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Sunita Williams stranded in space: Whistleblowers accuse Boeing and NASA of hiding critical Starliner leak before launch

Sunita Williams has been stranded at the International Space Station for over 10 days now. Indian origin American astronaut along with her colleague Butch Wilmore were expected to return on June 13 but now their return has been delayed. The new return date has still not been finalised after NASA had confirmed July 2 as re-entry date.

Astronauts Sunita Williams and Butch Wilmore were photographed ahead of the inaugural crewed test flight of Boeing’s Starliner spacecraft to the International Space Station from the Cape Canaveral Space Force Station. (PTI)

NASA and Boeing leader knew of Starliner leak before launch

The unexpected delay is a result of helium leak on the Starliner. Shockingly, new CBS News report unravels how despite deeming the rocket safe for launch both NASA and Boeing managers were aware of the leak. However, theyconsidered it to be too small to jeopardize the mission. This decision has now left two astronauts stranded at the International Space Station (ISS) as new reports reveal the extent of the issue.

The launch had already been postponed once due to a different leak. Once in orbit, four additional helium leaks developed, rendering one thruster unusable.

NASA says all is well, but ongoing delay raises doubts

“We are taking our time and following our standard mission management team process,” NASA’s Steve Stich, manager of NASA’s Commercial Crew Program, said in a statement to CBS News. “We are letting the data drive our decision-making relative to managing the small helium system leaks and thruster performance we observed during rendezvous and docking.”

Despite officials asserting that Wilmore and Williams are not stranded and can undock and fly home if necessary, the ongoing tests and issues raise doubts about the Starliner’s ability to make the six-hour return trip safely.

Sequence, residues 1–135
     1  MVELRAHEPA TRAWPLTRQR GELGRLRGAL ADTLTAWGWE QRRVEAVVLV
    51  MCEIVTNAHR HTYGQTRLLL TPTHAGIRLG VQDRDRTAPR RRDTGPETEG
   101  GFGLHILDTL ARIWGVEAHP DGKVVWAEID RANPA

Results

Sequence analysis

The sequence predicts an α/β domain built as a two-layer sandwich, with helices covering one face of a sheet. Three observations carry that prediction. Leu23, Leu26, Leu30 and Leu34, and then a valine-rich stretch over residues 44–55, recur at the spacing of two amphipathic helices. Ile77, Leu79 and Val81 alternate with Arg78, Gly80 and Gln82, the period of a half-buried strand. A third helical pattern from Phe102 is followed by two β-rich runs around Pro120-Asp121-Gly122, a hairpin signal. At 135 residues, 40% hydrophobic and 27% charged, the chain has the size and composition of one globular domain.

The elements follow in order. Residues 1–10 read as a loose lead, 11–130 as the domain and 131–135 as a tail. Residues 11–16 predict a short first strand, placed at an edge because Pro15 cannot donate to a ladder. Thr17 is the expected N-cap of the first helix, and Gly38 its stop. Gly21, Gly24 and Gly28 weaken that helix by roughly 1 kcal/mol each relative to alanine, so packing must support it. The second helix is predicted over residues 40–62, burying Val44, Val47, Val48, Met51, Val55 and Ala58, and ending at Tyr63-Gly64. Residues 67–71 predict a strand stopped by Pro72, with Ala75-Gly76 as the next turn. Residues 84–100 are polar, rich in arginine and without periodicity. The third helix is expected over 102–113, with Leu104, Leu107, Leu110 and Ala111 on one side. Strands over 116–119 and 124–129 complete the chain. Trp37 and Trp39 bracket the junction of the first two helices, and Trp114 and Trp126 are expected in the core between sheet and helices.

NASA and Boeing managers want to give the engineers as much time as possible to review telemetry. This would help in testing and to polish contingency scenarios in case additional problems show up after undocking.

Boeing in the dock over Starliner and other safety negligence

Boeing has faced intense scrutiny over the Starliner’s current predicament, adding to the criticism it has received following high-profile malfunctions of its aircraft over the past year. At least 20 whistleblowers have raised concerns about safety and quality issues at the aerospace giant.

Boeing has invested approximately $1.5 billion in cost overruns beyond the initial $4.5 billion contract with NASA, which aims to make Starliner its second mode of transportation to the ISS alongside SpaceX’s Crew Dragon. However, persistent leaks may jeopardize the future of the Starliner program and further tarnish Boeing’s reputation in the aerospace industry.

Boeing faces criminal charges, US prosectors advice Justice Department

In parallel, US prosecutors have advised senior Justice Department officials to bring criminal charges against Boeing for violating a 2021 deferred-prosecution agreement related to two fatal 737 Max crashes that killed 346 people. According to Reuters, the charges could extend beyond the original fraud conspiracy charge.

In May, the Justice Department concluded that Boeing breached the agreement. While Boeing has denied these findings, the Justice Department has until July 7 to decide on potential penalties, which could include new charges, an extension of the settlement by a year, or stricter terms.

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